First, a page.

POSTERS
Sclervey
0 1 2
A New Scleral Topographer
  • Sclervey projects light points directly onto the surface of the eye, eliminating the need for fluorescein
  • Each point is viewed from 3+ cameras, precisely locating the surface of the eye
  • Four images stitched together into 3D model
  • Device auto-calibrates with each image
  • Made from low-cost materials
17μm
precision
7
cameras

Precision from multiple angles

Sclervey allows for precision lens fitting after a single appointment, due to its astonishingly precise measurement of the eye's shape. The device uses its array of seven ICX424 CCDs to image every portion of the eye with at least three cameras simultaneously, each capturing 550 pixels per millimeter, allowing Sclervey to move beyond the realm of fit (tolerance of 50 μm) to the realm of comfort, with a standard deviation of measurement of 17 μm.

21mm
diameter image
4
eye directions

Data-driven scleral lens fitting

Sclervey makes scleral lens fitting a data-driven process by providing a single 3D image of the entire sclera. The device takes four images of the eye: looking forward, right, down-left, and up-left, guided by an alignment light. These four partial 3D maps are then stitched together with software to yield a single 3D image, with a 21 mm arc diameter, sufficient for fitting all common custom scleral lenses with no guesswork.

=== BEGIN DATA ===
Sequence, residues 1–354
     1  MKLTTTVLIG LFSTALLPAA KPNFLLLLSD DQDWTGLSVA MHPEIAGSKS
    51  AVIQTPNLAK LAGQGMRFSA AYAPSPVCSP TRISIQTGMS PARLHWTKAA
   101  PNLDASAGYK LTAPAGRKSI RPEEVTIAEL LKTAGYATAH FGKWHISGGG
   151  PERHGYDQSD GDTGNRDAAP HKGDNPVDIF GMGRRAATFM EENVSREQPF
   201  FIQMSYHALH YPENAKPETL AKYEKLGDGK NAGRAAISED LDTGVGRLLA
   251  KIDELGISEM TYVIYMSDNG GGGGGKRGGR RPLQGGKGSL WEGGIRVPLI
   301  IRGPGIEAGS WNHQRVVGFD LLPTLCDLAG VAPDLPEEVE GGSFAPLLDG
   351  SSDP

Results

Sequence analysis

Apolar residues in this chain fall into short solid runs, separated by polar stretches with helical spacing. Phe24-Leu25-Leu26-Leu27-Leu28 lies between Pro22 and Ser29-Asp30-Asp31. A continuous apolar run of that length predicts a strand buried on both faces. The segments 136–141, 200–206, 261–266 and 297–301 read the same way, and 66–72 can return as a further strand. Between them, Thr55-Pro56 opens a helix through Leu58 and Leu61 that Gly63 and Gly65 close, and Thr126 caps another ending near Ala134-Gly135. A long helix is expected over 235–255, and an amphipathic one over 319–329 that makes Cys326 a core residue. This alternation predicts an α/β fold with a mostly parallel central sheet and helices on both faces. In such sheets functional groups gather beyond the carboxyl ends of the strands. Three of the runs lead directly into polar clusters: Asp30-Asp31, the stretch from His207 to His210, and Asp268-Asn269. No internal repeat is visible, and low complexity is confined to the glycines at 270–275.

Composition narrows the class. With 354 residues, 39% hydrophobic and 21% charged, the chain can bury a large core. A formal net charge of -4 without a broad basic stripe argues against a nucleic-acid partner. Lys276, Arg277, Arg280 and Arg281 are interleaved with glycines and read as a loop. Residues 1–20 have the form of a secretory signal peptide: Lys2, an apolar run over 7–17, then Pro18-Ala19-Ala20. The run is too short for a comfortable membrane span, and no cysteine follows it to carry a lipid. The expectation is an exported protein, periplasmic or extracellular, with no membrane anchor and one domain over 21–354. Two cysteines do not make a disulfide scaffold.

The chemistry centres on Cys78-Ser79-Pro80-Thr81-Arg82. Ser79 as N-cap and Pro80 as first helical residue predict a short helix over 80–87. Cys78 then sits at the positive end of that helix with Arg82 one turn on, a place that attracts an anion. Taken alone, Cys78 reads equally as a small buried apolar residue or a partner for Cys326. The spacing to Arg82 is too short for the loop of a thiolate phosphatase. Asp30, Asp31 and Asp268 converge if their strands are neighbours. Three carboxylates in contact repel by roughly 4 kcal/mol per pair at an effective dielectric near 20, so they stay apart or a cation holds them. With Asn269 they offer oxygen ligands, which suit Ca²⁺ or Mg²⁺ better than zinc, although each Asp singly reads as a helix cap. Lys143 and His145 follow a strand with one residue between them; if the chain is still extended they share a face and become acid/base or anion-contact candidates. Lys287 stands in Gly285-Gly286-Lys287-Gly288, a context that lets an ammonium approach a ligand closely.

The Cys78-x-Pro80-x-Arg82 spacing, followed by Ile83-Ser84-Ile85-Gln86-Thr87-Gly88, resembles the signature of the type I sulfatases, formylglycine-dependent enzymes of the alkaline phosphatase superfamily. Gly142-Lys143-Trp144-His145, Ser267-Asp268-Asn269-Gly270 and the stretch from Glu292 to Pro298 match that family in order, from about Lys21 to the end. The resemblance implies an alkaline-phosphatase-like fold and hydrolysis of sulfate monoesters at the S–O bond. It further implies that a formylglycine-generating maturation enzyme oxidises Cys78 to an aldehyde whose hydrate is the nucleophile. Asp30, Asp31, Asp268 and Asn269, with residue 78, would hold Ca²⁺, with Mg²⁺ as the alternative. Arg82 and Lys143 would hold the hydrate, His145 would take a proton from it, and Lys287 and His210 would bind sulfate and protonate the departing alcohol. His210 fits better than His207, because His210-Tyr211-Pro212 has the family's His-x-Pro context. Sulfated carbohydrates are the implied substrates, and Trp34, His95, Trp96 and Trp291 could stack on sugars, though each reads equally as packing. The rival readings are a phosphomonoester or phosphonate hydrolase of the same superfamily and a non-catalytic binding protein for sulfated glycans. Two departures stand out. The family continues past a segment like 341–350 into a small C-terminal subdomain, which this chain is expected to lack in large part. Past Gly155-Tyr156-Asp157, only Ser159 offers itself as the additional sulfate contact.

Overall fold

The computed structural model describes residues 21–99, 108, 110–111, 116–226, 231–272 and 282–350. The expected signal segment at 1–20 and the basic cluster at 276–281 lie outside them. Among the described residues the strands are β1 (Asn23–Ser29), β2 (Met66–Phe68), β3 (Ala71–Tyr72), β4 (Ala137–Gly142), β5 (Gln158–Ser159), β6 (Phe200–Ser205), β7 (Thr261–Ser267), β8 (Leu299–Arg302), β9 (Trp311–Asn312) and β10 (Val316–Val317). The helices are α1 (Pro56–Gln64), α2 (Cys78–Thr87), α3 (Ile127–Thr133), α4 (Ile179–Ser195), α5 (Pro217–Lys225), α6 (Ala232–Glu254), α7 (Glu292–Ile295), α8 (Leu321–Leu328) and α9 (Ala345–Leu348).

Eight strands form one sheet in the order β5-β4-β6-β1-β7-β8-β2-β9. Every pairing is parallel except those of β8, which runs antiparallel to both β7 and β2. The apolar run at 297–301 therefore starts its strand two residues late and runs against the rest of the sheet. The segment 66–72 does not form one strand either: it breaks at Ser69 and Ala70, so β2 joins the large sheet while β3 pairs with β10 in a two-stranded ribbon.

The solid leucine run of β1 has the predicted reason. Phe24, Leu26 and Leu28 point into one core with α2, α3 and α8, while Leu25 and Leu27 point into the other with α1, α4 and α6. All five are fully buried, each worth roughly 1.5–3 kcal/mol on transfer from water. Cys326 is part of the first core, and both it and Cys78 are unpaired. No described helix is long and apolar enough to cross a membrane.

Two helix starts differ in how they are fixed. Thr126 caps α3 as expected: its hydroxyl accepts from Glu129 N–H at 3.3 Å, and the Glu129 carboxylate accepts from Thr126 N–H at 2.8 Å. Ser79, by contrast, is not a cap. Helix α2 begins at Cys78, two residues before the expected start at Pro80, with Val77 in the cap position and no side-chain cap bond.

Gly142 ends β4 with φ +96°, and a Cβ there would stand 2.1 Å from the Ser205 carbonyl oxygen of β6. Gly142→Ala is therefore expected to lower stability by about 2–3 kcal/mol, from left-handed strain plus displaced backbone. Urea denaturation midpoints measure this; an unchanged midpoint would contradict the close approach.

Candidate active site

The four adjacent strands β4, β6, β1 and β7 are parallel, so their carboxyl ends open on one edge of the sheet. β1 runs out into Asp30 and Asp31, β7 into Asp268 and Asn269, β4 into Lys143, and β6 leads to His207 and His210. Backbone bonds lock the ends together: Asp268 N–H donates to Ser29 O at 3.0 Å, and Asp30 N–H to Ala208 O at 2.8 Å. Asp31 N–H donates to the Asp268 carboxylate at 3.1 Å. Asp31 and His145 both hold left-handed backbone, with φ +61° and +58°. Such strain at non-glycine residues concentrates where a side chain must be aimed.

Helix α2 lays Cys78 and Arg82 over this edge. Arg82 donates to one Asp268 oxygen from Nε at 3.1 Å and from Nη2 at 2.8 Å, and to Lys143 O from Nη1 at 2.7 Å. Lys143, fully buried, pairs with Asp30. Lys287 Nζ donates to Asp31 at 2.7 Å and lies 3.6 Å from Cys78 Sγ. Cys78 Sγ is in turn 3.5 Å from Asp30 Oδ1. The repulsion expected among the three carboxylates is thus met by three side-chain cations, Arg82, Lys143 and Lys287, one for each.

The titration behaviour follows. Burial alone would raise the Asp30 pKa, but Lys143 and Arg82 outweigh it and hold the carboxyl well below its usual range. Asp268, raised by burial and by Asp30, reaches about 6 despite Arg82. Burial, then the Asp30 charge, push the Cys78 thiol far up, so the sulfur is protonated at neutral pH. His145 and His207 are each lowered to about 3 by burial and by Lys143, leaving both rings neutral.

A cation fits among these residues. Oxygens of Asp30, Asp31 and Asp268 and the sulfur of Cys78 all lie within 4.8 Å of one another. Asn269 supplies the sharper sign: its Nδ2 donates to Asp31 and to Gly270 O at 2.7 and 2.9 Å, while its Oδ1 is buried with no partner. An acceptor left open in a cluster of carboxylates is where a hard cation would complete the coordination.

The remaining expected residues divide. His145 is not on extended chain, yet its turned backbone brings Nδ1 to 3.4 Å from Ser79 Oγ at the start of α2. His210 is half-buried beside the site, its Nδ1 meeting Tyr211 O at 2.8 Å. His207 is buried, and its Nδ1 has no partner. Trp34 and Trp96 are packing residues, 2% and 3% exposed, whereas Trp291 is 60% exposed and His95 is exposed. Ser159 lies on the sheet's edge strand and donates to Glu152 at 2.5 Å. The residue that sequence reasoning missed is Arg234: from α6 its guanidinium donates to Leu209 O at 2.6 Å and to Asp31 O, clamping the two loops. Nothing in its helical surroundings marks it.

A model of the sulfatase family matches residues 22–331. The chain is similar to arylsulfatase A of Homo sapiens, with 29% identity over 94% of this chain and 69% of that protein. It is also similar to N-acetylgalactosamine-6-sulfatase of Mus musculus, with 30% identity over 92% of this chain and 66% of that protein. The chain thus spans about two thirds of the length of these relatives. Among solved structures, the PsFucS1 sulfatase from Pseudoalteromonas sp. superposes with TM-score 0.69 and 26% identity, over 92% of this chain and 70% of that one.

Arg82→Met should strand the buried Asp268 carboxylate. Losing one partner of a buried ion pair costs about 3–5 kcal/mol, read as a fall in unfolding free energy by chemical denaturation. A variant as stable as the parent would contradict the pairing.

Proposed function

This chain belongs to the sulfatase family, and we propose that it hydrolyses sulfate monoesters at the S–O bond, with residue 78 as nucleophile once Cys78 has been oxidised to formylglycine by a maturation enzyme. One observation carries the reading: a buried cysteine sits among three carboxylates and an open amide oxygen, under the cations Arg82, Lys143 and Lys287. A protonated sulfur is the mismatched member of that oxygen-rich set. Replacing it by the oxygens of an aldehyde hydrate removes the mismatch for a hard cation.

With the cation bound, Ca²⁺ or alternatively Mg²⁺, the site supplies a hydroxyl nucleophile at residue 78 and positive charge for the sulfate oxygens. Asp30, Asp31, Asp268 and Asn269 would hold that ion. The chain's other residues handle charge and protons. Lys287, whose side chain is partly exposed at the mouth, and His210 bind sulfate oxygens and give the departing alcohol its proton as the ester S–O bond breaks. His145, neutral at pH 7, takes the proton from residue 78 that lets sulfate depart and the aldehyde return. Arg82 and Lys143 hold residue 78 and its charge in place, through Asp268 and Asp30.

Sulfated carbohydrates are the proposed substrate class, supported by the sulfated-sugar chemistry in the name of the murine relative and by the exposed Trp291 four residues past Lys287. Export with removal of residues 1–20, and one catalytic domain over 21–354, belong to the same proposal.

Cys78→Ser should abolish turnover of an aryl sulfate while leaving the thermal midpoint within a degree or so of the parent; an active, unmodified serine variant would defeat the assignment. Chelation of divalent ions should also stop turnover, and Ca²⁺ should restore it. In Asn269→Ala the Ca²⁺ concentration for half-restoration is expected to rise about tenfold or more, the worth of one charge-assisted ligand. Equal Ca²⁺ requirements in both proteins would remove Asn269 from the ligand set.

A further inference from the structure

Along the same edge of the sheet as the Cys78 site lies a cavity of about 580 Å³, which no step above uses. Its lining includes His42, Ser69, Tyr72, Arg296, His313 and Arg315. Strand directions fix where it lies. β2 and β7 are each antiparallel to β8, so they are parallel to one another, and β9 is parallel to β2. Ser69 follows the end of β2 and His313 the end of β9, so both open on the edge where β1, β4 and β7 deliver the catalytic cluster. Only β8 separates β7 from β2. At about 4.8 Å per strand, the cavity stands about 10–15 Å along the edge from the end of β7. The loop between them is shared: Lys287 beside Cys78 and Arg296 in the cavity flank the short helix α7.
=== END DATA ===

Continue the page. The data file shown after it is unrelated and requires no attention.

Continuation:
From the inside out

The thirteen printed circuit boards (PCBs) containing the CCD cameras (blue) and LED arrays (red) of Sclervey as well as the thirteen lenses that focus them are held together by a block, machined out of a single brick of material by a 5-axis milling machine to 5 μm. This precision allows the lenses and PCBs to be positioned accurately and focus cleanly on the eye's surface with minimal calibration.

each point
visible to
3+
cameras
 

Auto-calibration

Sclervey operates by combining the images taken from different cameras, analyzing their overlap, and using stereo-geometry to construct a 3D model. However, only two cameras are necessary to find the 3D position of the eye by this method. By having every point visible to at least three cameras, Sclervey has enough information to improve its data about the precise locations of its cameras and lenses, allowing the device to become more accurate with every patient.

Low-cost materials

By projecting dots from embedded LEDs rather than lines or other continuous images, and by using a mass-produced camera CCD chip, Sclervey is able to keep the cost of its electrical components to a minimum, without any compromise in precision or reliability.